• Number of hospitalization [ Time Frame: in the first 6 months of life ] [ Designated as safety issue: No ]
  • Number of mothers seeking breastfeeding help [ Time Frame: in the first 6 months of life ] [ Designated as safety issue: No ]
  • Amount and type of breastfeeding support given by Health care provider to mothers [ Time Frame: in the first 6 months after birth ] [ Designated as safety issue: No ]

Enrollment: 992
Study Start Date: May 2012
Study Completion Date: February 2013
Primary Completion Date: February 2013 (Final data collection date for primary outcome measure)
Arms Assigned Interventions
Experimental: BFHI steps 1-9
Hospital retrained in BFHI steps 1-9 Mothers can call hospital to obtain BF support/Mothers given phone # of maternity nurse whom she can call or go see if she has BF problems
Other: implementation of the Baby-Friendly Hospital Initiative
Implementation of BFHI steps 1-9 in maternities
Experimental: BFHI steps 1-9 +well-child clinic
Hospital retrained in BFHI steps 1-9 Mothers can call hospital to obtain BF support/Mothers given phone # of maternity nurse whom she can call or go see if she has BF problems Provision of BF support during 1) clinic visit to obtain birth certificate or home visit if mother does not come into clinic and 2) well-child clinics Flyers to mother with culturally appropriate messages designed to address some of the most important local barrier to EBF
Other: BFHI steps 1-9 +well-child clinic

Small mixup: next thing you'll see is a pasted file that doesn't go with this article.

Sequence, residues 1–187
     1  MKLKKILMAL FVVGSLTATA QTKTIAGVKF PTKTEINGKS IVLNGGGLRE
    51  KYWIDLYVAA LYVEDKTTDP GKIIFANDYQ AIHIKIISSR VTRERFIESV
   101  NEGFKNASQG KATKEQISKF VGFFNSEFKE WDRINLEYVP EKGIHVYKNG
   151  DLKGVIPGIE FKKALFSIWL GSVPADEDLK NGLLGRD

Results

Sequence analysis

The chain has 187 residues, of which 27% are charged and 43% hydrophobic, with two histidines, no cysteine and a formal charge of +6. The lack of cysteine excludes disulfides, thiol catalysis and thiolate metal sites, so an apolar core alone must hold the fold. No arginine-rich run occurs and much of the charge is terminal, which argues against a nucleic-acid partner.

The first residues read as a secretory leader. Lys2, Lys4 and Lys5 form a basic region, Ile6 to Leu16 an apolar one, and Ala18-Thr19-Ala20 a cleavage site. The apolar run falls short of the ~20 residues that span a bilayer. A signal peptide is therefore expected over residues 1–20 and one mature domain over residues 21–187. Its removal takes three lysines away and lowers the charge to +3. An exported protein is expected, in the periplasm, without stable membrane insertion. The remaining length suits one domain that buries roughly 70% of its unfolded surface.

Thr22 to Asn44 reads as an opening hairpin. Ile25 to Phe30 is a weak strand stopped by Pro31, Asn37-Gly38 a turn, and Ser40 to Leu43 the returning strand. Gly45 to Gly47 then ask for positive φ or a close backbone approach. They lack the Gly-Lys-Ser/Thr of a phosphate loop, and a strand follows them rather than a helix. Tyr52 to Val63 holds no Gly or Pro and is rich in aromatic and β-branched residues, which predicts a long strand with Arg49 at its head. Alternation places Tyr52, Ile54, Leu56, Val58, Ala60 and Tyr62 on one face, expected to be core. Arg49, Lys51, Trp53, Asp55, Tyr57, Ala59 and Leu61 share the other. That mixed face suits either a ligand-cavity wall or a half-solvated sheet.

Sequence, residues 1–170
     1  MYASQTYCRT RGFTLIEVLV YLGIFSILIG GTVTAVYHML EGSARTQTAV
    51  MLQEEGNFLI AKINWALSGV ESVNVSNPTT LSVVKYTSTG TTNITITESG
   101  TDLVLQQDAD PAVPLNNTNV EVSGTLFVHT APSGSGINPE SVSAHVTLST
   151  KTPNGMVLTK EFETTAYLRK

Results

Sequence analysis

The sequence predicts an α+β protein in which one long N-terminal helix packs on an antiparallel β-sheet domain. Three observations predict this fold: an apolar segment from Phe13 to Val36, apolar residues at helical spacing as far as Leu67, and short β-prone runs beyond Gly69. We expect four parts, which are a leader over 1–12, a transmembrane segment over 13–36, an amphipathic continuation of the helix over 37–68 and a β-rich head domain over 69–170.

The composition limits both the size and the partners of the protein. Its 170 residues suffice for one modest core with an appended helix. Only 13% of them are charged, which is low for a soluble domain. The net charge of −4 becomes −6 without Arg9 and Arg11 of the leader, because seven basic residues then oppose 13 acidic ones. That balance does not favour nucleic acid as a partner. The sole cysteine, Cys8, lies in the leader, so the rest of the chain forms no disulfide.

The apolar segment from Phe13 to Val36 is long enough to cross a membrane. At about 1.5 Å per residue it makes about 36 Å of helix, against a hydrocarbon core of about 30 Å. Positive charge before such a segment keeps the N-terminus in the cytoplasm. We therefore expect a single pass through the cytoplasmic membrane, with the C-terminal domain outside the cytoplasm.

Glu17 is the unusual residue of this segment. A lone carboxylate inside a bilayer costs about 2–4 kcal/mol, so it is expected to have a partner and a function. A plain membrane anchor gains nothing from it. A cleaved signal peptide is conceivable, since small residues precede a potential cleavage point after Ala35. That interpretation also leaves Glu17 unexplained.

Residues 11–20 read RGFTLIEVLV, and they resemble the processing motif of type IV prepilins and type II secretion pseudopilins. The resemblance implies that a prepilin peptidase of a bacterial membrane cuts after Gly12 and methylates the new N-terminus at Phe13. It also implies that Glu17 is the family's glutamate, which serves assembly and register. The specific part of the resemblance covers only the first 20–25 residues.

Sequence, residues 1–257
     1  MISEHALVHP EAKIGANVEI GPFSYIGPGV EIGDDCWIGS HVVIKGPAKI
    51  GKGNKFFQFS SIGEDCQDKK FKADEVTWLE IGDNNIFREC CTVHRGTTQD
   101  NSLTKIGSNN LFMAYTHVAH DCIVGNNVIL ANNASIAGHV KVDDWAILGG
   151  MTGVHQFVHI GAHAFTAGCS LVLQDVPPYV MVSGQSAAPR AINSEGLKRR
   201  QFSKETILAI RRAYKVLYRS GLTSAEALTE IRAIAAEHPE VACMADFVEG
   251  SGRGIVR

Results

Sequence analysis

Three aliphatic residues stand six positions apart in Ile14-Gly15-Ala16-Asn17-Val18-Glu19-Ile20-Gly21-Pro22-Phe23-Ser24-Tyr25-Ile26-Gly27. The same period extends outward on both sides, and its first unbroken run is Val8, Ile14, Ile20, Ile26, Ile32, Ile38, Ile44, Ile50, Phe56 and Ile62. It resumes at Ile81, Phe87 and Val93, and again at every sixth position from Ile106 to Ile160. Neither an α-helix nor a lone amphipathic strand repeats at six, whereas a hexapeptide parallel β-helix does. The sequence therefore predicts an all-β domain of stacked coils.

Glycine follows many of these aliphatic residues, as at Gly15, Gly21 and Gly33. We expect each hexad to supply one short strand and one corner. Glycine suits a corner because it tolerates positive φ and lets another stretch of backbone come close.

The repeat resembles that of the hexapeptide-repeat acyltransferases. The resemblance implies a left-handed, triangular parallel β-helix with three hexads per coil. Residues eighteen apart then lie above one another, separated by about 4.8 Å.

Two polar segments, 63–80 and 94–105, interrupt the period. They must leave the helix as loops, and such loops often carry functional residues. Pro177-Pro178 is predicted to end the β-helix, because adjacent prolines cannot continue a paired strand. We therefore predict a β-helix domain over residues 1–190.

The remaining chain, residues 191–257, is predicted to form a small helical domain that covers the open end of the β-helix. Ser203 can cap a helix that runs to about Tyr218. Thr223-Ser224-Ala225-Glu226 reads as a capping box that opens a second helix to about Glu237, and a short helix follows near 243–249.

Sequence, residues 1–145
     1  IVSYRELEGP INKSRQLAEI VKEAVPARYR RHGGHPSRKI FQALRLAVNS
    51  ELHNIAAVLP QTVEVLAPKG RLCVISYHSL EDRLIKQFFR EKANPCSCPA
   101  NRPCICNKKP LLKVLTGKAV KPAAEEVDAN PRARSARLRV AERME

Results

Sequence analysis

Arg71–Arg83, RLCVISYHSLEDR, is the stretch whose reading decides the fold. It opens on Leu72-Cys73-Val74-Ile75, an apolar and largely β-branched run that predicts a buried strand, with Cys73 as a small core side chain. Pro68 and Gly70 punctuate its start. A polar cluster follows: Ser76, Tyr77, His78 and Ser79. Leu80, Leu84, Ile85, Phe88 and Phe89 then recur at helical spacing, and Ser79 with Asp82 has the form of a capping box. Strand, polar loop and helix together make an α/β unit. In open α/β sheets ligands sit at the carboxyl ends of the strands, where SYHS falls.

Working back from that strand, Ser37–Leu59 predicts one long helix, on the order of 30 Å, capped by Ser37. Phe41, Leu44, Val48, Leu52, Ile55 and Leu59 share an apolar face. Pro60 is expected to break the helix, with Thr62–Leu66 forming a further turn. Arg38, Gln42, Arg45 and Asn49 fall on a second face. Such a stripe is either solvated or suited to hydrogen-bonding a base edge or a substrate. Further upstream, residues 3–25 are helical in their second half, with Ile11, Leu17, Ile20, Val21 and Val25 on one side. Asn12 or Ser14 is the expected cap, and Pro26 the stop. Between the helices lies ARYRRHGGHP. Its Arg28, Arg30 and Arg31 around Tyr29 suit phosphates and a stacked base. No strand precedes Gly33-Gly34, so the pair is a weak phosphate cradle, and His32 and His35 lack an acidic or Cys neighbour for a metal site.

Implementation of BFHI steps 1-9 in maternities and provision of breastfeeding support including culturally appropriate educational messages and metaphors as the ongoing aspect of step 10 in well-child clinic
No Intervention: usual care

Detailed Description:

If at least 90% of children were exclusively breastfed for the first 6-months of life, the potential reduction in mortality that can be achieved will be higher than for any other interventions with sufficient evidence of effect. In the DRC >500,000 under-five deaths occurred in 2008. While >95% of children were breastfed at some point, 18% received something other than breast milk before initiation of breastfeeding, and half received something other than human milk by 1.4 months. Pre- and post-partum breastfeeding support has been shown to best improve the rate of exclusive breastfeeding (EBF). The global initiatives to improve breastfeeding practices have focused on maternity-level policies and procedures known as the Ten Steps to Successful Breastfeeding, which served as the basis for the Baby-Friendly Hospital Initiative. These quality of care steps impact hospital breastfeeding rates as well as breastfeeding rates throughout the 6 months postpartum period. However, EBF rates fall off rapidly in the DRC. In the proposed cluster randomized controlled trial, we plan to evaluate the effect of breastfeeding support provided by well-child clinic staff including the use of culturally appropriate messages in addition to the implementation of BFHI steps 1-9 Steps in maternities on the rate of breastfeeding initiation within 1 hour of birth and EBF throughout 6 months postpartum. If effective, this approach has great potential for scale up where most needed.